Poetry

Second to Last

26 August 2020

i.
you only know you’re successful
when you have rocks in your mouth

when your mouth is where your chest was
now tectonic-plated, clashing the right-brained

and the left-handed so a new mountain was raised
of a molehill mind—

to brave teacup-storms with,
to balance coffee on,  

you don’t open your mouth for fear of the impending
avalanche, you are the only person who changes the

weather by thinking about it, why don’t you think instead
about how people grow

apart like legs, not human ones separable by force of pain,
legs of a journey, truncated by getting on and letting go,
legs of a past life, running into the present    

smashing into a lamppost
like THIS—because you don’t sleep, your fear
has consumed the chopsticks you call limbs, 

they risk snapping by forgetting how to be used,
the way I am too used to being forgotten by
you, your rocky successful mouth. 

ii.
does it bother you,
mercy weighs like wrinkles
and yet you cannot lift it

with your glacial hands,
cannot wash it out of
your honey-pooled eyes
where fallen stars thrash and plastic roses thrive

what else does mercy remind your tongue of,
the one mothering wet sand, stuttering like clover leaves 

what else reels in your attention
while it’s supple and sluiced
and sloughing off to be circumscribed—
a red balloon tied to a chair, deflating, anti-climatically? 

what else whistles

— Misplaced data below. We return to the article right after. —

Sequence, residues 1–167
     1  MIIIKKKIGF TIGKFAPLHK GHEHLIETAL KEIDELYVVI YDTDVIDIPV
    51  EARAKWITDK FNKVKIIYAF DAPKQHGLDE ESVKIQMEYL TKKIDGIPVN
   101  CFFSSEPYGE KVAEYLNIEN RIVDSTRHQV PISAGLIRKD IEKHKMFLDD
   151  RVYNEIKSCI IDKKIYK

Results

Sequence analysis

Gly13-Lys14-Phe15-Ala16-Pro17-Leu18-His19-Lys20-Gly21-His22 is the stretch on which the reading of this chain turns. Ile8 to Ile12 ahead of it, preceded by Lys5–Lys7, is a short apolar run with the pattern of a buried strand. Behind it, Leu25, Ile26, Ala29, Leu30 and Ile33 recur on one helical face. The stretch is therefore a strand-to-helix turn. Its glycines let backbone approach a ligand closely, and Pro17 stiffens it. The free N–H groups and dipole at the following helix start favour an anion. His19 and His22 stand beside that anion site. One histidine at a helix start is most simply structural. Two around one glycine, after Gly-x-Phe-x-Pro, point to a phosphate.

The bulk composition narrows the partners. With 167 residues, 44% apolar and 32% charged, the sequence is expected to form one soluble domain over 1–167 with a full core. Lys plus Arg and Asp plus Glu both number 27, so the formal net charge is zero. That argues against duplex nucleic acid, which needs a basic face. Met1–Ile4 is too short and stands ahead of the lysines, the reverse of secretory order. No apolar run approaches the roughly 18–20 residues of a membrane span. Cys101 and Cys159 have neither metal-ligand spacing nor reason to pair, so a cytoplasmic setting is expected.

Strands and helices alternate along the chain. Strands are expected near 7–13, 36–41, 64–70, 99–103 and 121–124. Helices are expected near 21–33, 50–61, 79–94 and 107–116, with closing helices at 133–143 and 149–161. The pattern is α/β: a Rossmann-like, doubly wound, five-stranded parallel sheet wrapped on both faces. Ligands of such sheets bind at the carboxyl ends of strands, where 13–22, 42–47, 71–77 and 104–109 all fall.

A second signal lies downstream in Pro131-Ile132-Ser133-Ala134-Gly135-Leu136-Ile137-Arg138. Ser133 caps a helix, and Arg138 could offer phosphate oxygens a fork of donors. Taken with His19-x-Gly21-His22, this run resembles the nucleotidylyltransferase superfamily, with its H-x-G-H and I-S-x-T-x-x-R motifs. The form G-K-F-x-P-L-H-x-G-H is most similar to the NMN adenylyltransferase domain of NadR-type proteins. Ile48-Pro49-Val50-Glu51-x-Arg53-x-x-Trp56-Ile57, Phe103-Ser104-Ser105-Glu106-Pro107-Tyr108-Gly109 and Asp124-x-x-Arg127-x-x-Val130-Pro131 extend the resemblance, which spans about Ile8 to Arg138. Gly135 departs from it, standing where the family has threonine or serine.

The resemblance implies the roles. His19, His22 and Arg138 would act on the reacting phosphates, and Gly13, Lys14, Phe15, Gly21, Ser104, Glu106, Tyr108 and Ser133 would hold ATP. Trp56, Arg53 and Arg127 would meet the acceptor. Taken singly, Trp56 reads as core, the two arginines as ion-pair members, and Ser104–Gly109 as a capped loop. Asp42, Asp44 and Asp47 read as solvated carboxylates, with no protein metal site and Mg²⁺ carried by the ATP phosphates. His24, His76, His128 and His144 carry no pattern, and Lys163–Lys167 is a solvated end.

and asks to be taken seriously?

what else rakes through tufts of your bold italic hair,
decides you are almost as worthy as
a punctuation mark? 

mercy,
can’t you see,
mercy,
blindingly by you,
have you been begging
for it to bother you. 

iii.

she who recycles metaphors religiously,
who insists inventiveness
a blasphemy, who willingly cuffs facts to her ‘poet’ hands
with the damning accuracy of never letting things
slip through her fingers
that ought to have,
the way quotation marks
smuggle her identity
wherever she goes

should I begin to uncover the function of her scarf,
whether she ties it the way she might
a noose, one she puts comfortably, gently,
around my poem’s neck

should I look away from her Medusa eyes,
even though I know poetry holds immunity
for the people who believe in its integrity
to stand on the shoulders of stones 

should I watch her turn and toss,
blissful ignoring
her eyes of dropped mercury,
strangled by the penchant to see things
for less
than they are 

should she wake one day and find
forgiveness, staring her down like
mothball sun, would she crack up
like she might if she reads this?


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